4. The actions of President Musharraf and his tango with his terrorist beneficiaries in very deft balance with his Non-NATO ally status, only appears to be desperate. Rather, he is a clever, calculating, and cunning leader, (traits considered wisdom, in Middle-eastern circles), whose occasional reasonableness dangerously enhances these traits. He has stayed faithful to his purpose and that is to subdue the entire area, India included, using any device, anyone, (whether it is George Bush, or Osama Bin Laden)to accomplish his goal. What else would be the reason, as an ally in the fight against terrorism, for him signing a treaty with the Taleban? In that one step he not only legitimizes the Taleban, but he creates a country within a country, an army within an army, granting them autonomy to do as they well please,(like the Hizbollah in Lebanon). He sees the pressure that the Taleban is in, in Afghanistan and is acting to protect them as he did when they were surrounded in Kandahar, at the end of the allied invasion of Afghanistan. I wonder what his friends in Washington and London think of him now.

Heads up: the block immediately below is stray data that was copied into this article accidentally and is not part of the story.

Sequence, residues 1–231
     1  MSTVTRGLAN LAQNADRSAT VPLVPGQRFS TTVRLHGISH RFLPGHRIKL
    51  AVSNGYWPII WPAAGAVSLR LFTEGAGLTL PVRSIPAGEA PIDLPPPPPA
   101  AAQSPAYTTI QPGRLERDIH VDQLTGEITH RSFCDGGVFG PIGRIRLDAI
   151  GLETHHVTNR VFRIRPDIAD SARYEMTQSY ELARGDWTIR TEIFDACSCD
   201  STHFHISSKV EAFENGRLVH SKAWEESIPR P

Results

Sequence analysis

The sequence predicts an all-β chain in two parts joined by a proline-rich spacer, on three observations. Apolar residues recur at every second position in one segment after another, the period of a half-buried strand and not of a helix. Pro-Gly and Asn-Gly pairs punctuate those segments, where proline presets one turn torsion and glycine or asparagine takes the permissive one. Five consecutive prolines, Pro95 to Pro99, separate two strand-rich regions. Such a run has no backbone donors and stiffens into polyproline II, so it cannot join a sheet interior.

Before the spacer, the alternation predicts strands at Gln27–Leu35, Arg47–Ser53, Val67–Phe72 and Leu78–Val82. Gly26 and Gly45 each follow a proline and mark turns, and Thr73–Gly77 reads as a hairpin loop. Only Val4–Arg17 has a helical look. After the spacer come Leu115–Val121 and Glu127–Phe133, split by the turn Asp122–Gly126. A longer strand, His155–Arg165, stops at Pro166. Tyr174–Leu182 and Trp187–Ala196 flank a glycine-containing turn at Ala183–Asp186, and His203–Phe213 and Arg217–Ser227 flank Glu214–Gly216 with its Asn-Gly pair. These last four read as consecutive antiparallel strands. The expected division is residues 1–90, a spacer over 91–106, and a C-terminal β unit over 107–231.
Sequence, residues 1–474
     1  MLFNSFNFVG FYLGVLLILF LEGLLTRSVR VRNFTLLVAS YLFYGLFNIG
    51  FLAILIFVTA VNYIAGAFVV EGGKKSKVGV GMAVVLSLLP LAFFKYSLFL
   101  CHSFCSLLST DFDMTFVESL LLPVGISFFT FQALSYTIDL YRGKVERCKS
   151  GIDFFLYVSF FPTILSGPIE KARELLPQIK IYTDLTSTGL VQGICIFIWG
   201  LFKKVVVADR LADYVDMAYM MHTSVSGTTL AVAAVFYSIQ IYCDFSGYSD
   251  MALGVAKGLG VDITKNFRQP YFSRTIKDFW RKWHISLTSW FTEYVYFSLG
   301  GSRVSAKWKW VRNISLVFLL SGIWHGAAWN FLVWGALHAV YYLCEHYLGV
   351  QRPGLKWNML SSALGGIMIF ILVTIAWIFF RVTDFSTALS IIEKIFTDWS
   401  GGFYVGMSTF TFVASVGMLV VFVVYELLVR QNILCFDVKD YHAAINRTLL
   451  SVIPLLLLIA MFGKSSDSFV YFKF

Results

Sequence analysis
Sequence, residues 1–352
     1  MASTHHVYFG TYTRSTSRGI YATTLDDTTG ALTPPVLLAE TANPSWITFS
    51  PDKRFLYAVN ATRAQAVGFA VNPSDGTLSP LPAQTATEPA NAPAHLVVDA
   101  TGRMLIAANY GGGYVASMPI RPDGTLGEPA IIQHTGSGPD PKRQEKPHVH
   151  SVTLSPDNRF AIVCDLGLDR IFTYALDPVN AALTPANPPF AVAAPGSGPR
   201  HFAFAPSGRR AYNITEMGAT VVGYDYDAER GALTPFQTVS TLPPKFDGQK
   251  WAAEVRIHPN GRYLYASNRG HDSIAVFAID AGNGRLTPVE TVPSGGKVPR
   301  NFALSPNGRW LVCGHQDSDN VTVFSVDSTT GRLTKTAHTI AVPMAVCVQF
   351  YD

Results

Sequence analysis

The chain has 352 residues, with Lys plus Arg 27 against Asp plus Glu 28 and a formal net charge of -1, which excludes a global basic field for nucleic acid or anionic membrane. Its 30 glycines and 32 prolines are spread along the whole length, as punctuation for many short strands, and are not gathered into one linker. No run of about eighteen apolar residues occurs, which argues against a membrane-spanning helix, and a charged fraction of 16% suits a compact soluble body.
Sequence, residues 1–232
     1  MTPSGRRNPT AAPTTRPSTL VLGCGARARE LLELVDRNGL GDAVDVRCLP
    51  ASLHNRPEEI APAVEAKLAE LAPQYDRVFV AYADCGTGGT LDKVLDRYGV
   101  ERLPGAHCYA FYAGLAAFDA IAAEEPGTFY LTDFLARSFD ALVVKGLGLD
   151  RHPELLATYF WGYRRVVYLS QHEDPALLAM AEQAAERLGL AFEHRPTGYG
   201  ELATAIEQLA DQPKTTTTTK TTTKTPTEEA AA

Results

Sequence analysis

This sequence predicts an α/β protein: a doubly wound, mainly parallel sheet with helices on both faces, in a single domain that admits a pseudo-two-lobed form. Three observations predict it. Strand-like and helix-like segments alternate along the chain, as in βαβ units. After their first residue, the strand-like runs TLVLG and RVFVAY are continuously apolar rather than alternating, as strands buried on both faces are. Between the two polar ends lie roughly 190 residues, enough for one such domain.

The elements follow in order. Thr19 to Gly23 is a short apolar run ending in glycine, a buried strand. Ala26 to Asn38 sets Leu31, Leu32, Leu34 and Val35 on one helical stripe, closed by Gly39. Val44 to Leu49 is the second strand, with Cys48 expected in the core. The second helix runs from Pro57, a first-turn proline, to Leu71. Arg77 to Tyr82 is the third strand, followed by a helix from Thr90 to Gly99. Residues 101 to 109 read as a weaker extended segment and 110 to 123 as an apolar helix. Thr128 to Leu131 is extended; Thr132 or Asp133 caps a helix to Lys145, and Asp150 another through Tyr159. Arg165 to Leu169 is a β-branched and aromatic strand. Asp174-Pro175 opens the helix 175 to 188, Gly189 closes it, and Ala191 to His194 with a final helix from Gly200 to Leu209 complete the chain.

Essentially, he has picked his side, i.e. Osama Bin Laden, and the Taleban. The peace treaty is no more than total autonomy to cross the border in any direction, train as many terrorists as you can, and terrorize the neighbours, whilst under the protection of Pakistan’s nuclear umbrella. Some ally?!

    His designs are enormously bigger than the man himself, but for a megalomaniac, there is no mismatch between design and ability, dreams and capacity. His problem is that India is in the way of his taking Nepal, Thailand, Sri Lanka, etc., for starters.